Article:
The perfect people work for them, running errands
and counting columns of figures.
Only trifles are always true. Every great and seri
ous truth has an obverse aide which is also true.
Prof. William James waa the greatest psychologist
of our day, but the beat he could do la defining truth
"The truth la simply what will work."
The genius la not the man who never made mistakes,
who had a chance thrust on him, who was endowed and
all that; he la the man who had no chance and was nctf
gifted, but who toook the raw material of life and fate
as he found it and made something fine
The only perfect person you will aver
Don't envy the faultless; they're the
THE ASSOCIATED PRESS
The Associated Press rose to the oc
casion. The events of inauguration
week culminating in the inauguration
of Wilson and Marshall were graphic
ally and eloquently reported. The best
of the writing was not In the quota
tions. It Is a signal triumph to bring
together in vivid picture a panorama,
with Ira changing views and great
variety of detail. Birch aa characterised
the 4th of March In Washington. I
Really the inaugural ball, at a little j
distance. Is not missed, there was so j
much beside of dazzling brilliancy to I
command attention. The Associated
Press, says the Sioux City Journal. I
supported by Intelligent newspapers,
brought the appearances and pictur
esque ceremonies under the eye of the
people everywhere throughout the
Vnited States, and presented eloquent
sketches to all reading peoples in for
ign lands. The average citizen, fol
lowing the symmetrical lines of the
skilled writers, may find the story so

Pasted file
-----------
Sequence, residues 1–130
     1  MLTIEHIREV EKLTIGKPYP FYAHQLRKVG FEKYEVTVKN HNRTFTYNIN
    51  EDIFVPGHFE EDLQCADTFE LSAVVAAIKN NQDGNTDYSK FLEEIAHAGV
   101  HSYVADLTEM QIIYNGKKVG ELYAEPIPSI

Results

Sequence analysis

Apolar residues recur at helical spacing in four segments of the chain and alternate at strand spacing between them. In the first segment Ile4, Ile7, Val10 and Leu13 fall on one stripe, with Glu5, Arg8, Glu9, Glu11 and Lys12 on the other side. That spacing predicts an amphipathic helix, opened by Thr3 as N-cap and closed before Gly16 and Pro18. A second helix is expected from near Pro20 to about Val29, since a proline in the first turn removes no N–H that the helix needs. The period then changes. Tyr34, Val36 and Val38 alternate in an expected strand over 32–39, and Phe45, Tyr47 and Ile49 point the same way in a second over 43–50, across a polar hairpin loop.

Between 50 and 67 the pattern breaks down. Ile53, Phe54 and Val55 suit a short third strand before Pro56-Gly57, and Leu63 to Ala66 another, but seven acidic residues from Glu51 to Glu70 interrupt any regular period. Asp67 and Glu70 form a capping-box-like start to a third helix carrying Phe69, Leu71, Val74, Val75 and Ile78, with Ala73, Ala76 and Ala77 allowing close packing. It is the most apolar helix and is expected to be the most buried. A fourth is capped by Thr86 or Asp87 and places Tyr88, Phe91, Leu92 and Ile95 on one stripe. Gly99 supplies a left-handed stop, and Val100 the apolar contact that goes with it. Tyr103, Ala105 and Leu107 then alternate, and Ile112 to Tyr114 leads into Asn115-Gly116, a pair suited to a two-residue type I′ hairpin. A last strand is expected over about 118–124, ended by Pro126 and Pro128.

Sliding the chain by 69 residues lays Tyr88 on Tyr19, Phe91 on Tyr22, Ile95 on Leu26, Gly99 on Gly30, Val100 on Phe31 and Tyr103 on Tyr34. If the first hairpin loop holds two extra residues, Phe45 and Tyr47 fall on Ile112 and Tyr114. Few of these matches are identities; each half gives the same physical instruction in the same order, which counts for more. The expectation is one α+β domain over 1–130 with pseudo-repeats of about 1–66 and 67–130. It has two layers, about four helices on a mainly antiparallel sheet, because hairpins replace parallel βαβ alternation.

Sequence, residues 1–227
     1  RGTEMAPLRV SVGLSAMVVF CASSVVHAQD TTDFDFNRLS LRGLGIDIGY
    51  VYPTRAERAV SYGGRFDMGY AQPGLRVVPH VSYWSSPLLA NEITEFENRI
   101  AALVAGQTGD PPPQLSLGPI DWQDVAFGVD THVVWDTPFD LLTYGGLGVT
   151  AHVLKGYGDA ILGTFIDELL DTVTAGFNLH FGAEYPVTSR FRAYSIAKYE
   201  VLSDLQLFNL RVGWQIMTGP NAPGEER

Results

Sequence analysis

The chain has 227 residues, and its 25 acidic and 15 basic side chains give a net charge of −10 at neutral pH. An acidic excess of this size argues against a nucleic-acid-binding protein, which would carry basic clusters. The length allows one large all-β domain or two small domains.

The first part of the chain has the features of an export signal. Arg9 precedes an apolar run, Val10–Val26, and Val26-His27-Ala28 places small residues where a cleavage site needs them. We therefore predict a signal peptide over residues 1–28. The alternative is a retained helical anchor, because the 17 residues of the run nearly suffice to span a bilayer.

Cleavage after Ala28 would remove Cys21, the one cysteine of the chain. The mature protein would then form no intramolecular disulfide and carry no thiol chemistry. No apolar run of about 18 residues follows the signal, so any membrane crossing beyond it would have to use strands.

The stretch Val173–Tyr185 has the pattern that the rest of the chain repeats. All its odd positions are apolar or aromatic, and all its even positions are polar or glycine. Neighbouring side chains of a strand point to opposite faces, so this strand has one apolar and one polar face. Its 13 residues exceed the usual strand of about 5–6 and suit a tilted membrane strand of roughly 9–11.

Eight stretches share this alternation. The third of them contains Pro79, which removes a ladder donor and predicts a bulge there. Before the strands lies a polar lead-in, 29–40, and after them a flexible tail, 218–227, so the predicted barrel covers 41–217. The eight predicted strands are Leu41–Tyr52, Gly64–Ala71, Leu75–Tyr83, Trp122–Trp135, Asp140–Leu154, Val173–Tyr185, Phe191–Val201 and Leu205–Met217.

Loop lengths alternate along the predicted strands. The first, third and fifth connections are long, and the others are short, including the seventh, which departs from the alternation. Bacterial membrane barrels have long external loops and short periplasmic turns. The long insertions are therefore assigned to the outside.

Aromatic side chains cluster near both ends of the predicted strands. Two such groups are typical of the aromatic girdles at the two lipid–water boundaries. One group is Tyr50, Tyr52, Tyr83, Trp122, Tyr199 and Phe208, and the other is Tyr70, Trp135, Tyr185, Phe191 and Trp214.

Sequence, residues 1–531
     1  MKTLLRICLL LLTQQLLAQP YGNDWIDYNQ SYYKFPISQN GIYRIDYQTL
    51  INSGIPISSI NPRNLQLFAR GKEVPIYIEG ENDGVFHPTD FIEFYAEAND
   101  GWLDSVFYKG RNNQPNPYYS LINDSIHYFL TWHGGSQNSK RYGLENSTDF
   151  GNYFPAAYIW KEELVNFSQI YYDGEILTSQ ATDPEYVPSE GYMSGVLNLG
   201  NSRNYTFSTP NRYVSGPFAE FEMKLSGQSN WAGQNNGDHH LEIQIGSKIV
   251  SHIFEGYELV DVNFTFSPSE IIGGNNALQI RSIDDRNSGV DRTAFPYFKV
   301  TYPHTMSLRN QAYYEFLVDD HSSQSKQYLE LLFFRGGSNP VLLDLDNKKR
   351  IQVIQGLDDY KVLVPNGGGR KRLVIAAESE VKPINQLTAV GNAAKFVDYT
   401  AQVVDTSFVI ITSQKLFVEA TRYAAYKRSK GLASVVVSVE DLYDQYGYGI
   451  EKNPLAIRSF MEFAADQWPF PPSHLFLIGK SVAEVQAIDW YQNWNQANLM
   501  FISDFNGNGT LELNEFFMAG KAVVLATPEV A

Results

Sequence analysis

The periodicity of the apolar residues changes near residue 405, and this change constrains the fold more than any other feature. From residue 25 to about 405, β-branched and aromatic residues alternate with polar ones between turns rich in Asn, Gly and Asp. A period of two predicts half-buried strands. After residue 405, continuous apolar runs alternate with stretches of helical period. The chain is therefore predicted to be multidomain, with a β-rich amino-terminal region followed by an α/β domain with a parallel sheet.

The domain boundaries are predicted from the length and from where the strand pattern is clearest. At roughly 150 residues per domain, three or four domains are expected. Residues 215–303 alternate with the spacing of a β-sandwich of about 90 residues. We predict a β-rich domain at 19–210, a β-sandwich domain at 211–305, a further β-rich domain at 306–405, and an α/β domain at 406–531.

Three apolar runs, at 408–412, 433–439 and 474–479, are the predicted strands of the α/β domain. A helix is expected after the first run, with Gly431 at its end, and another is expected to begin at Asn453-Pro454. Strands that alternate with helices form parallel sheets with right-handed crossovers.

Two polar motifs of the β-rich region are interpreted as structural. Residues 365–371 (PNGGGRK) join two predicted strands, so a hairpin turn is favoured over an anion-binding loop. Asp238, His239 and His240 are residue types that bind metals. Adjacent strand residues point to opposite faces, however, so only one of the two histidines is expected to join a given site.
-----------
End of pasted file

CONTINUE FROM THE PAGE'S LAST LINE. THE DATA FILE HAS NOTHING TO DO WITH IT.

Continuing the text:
complete and the course of It so
smooth, as to fail to note the art with
which it is assembled and presented.
The mot of the story is new to
those who lined Pennsylvania avenue,
craned their necks and were diverted
by shovers and by things happening
to their toes. The actual spectators
were treated to a fragment. They saw
a horse champing the bit; they heard
the blare of a band, and they heard
shouts of, "There he goes!" But they
THE PARTING WORD
fPenver Times. 1
One last word of praise and com
mendation for William Howard Taft
before we. leave him to his musty
tomes and duaty law books in )New ,
Haven; a parting proof that there is
genuine worth, a solid and Bubstan-
ttaI generosity behind
Taft retiring from the White
house, did not loot the premises, leav-!
Ing Mr. Wilson to begin at the bot-1
torn of housekeeping and home build- J
ing. Mr. Taft owned many things in ;
the household utensil line from a nut-
mec srater to a fur rue; from a moi!e- 1
. trap fo an olearjdt;r in an ex-washtub.
, Mr. Taft uke tem all educing
his successor to pauperism m the mg he displayed a magnificent self
way of furnishings? He did not! ! sacrifice and immolation of person? 1
Hanging in his private office the room ' desire that his successor and the
I he smilingly but probably with an
j row WIsonhe left, n a 8pirit 0?'hl8 existence, the fixed luminary bv
,hirim. nv,,m, or, v,o.ffi i- ..w.i. u -v.-.-,..,
denial, his one priceless possession, a
rramea picture or i neoaore Kooseveit.
Think of the drab and sombre days
before Mr. Taft in his pedagogic du -
BRYAN PRAISES BOY SCOUTS
William Jennings Bryan, secretary
of staue. who has been watching the
and an Ideai !a everrthtne It edvea
him the hirhest Ideal nossibleand
vou have no Ideal hleher than Thrist
service :s ine meaning oi
' greatness It is true that he who is
th9 greatest is he who is of the most
we ahould measure Ufs not by what
we ft out of It but by what we put In-
a legitimate advance in pries, and the
picture Is worth It The few pounds
that Irvine; paid wss one of those for